Natland shown within Cumbria
|Population||747 (2001 Census)|
|OS grid reference|
|Sovereign state||United Kingdom|
|EU Parliament||North West England|
Natland is village and civil parish about two miles (3 km) south of Kendal in the South Lakeland district of Cumbria, close to the village of Oxenholme. At the time of the 2001 census the population was 747.
The civil parish of Natland covers 892 acres (3.61 km2) of open countryside on the east bank of the River Kent. It extends from the river to the sudden steep slope of Helm, which rises to 185 metres above sea level providing a fine viewpoint. Natland village stands at the centre of the parish.
Village landmarks include St Mark's Parish Church, built in 1910, (the third church on the site and an example of the work of the Lancaster architects Austin and Paley), St Mark's Church of England Primary School, the Village Hall and the Village Store & Post Office (formerly a public house, the Horse and Farrier). The village green, with its Coronation oak tree (1952), picnic table and two memorial seats, is a popular venue for locals and visitors alike.
There is a long standing legend that Natland has a Treacle Mine. What is certain is that there is a cave system running under the village from Helm to the river although the precise route is not known. For more information see Natland Treacle Mines  and Natland Treacle Tours .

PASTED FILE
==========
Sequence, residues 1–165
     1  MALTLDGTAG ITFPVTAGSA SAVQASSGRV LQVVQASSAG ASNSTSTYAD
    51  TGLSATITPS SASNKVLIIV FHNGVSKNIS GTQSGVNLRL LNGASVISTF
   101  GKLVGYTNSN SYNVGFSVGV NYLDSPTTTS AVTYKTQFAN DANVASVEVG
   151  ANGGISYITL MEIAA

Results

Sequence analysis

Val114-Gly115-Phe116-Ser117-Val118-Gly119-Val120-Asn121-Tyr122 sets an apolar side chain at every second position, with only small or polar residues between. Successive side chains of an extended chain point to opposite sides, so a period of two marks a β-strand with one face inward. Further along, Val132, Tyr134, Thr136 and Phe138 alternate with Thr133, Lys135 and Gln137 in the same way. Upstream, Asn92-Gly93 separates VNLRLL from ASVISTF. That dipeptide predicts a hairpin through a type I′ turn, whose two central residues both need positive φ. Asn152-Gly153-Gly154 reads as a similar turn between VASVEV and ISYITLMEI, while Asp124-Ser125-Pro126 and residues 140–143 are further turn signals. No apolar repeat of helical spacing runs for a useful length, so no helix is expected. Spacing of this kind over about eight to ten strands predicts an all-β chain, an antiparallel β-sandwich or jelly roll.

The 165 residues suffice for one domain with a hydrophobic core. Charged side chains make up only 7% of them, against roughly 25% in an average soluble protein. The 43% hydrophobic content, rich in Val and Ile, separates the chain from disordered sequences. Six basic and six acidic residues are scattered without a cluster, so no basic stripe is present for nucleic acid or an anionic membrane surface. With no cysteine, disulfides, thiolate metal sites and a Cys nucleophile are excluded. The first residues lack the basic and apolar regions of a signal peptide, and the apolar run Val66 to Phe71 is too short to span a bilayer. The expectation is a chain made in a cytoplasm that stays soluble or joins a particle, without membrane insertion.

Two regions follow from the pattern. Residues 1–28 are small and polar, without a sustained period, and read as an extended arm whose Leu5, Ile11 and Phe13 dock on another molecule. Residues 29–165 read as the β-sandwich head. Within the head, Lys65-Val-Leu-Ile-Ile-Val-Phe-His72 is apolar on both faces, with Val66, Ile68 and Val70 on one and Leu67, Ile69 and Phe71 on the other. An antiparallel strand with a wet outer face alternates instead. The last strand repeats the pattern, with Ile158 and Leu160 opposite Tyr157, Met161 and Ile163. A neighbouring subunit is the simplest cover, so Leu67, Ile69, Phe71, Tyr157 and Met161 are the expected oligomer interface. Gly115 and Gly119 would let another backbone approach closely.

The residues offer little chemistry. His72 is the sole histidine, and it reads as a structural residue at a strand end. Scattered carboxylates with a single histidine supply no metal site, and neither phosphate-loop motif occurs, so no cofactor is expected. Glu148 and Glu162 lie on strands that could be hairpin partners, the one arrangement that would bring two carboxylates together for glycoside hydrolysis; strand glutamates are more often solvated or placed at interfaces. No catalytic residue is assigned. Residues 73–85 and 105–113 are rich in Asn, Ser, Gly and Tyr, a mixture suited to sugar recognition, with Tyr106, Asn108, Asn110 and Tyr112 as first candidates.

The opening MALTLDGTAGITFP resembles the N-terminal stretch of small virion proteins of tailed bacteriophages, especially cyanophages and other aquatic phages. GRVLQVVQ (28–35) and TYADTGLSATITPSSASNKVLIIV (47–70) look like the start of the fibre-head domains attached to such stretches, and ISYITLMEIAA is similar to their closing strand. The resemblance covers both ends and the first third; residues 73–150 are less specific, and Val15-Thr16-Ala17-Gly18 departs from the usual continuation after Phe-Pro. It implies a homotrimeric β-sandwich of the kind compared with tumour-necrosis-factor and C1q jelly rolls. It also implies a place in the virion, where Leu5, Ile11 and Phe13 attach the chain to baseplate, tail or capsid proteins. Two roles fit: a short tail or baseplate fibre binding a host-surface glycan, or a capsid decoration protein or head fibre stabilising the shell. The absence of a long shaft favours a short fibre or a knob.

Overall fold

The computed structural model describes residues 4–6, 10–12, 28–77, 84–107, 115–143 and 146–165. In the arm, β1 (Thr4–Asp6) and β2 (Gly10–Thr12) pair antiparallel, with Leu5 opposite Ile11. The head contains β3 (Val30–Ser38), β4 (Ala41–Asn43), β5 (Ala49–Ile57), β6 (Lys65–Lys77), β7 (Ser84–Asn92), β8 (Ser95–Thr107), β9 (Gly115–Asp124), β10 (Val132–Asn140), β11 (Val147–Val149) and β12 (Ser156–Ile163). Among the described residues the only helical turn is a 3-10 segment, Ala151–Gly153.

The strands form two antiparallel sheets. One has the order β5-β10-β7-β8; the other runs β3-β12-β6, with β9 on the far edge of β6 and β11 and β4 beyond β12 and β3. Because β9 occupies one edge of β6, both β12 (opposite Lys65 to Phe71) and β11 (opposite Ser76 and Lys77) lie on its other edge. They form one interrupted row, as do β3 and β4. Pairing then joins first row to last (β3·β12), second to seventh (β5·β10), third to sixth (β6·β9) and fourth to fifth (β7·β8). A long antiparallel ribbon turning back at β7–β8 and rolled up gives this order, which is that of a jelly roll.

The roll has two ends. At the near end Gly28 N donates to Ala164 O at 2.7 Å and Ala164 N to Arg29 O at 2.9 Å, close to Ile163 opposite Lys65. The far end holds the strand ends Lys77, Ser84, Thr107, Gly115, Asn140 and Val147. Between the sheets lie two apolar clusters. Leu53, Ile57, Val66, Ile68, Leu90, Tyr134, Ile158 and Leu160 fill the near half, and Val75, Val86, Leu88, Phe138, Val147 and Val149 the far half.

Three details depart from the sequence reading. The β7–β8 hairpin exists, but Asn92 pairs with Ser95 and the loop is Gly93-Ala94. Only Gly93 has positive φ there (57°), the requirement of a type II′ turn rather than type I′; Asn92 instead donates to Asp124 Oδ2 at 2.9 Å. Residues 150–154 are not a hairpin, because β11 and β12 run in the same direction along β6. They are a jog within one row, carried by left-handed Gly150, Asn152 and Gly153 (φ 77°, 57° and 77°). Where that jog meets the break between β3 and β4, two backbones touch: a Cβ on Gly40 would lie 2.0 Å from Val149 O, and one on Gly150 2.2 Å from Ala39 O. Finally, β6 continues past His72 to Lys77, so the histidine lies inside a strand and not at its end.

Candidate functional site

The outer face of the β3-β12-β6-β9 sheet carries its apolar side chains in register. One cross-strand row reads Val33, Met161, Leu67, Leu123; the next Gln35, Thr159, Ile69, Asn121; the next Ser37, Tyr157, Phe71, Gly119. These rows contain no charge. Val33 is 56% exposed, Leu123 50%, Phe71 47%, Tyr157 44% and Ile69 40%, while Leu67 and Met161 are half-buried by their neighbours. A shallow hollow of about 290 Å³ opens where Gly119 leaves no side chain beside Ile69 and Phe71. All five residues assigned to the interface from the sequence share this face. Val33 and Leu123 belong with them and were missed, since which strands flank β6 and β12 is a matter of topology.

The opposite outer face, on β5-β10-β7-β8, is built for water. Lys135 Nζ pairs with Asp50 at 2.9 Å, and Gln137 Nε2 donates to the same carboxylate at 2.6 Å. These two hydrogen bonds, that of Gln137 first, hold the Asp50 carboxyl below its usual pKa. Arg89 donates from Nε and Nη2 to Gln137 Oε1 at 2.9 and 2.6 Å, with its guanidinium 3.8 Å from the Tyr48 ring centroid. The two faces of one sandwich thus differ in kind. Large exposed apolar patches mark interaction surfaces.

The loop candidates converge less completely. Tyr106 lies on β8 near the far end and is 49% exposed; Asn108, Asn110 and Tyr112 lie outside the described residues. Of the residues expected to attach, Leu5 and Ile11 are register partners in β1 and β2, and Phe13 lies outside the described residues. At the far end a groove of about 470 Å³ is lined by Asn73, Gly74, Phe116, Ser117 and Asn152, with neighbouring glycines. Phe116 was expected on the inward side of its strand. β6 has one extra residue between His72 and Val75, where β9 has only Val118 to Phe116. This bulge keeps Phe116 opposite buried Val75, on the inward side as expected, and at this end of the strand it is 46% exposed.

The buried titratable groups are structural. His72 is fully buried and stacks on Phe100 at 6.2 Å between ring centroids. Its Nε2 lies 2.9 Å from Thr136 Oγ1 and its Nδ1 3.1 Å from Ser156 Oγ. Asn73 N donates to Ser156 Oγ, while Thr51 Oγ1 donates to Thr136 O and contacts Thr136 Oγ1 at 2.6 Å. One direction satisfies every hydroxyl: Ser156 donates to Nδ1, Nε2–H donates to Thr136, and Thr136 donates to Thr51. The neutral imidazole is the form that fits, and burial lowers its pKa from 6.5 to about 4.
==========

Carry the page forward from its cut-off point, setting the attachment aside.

The Lancaster Canal ran through the west of the parish until its closure in 1947. Plans are now afoot to restore the canal and link it to the national waterways network.
Natland is served by a regular bus service between Kendal and Silverdale and a mobile library. Yan, Hamilton and Woody of the rock band British Sea Power were raised in the village, as was their former manager Roy Wilkinson.
Signs of the earliest occupation of the parish include earthworks on the summit of Helm, which could be an Iron Age fort. It is likely that the Romans used The Helm in conjunction with the Roman fort at Watercrook situated on the banks of the Kent, at the most northerly tip of the Parish. This 4-acre (16,000 m2) site was occupied by the Romans from the 1st century to the 4th century AD and many Roman artefacts have been found.
Opinions differ as to the origin of the name Natland. The English Place Names Society gives the derivation of Natland as the Old Norse Natlundr, meaning 'Nati's wood', Nati being either a mythological name or a proper name and lundr meaning 'a small wood, a sacred grove'. However Nicolson and Burn's 1777 History and antiquities of the counties of Westmorland and Cumberland describes Natland as "a small manor or lordship, containing only about 30 families. It seems to have had its name from the Nativi or bondmen probably placed there, as attendant upon the capital lord at Kendal castle to do servile offices."
The earliest recorded use of the name is in 1164. Natland Hall farm was granted permission for a chapel in 1246 and is probably the oldest building in the village. Natland Abbey, an agricultural community and a sub-branch of Furness Abbey, is another 14th-century building. Watercrook Farm, Natland Mill and Cracalt Farm are also of early origin. In 1674, the Dissenter Richard Frankland founded the Natland Academy which tutored more than three-hundred-and-fifty students until 1693.
- Ebenezer Latham; Preparation for Death, and Fitness for Heaven...A sermon preached at Uttoxeter...on occasion of the death of the Rev. D. Madock. To which is annexed...a catalogue of the students educated under Mr. Frankland; London, 1745.
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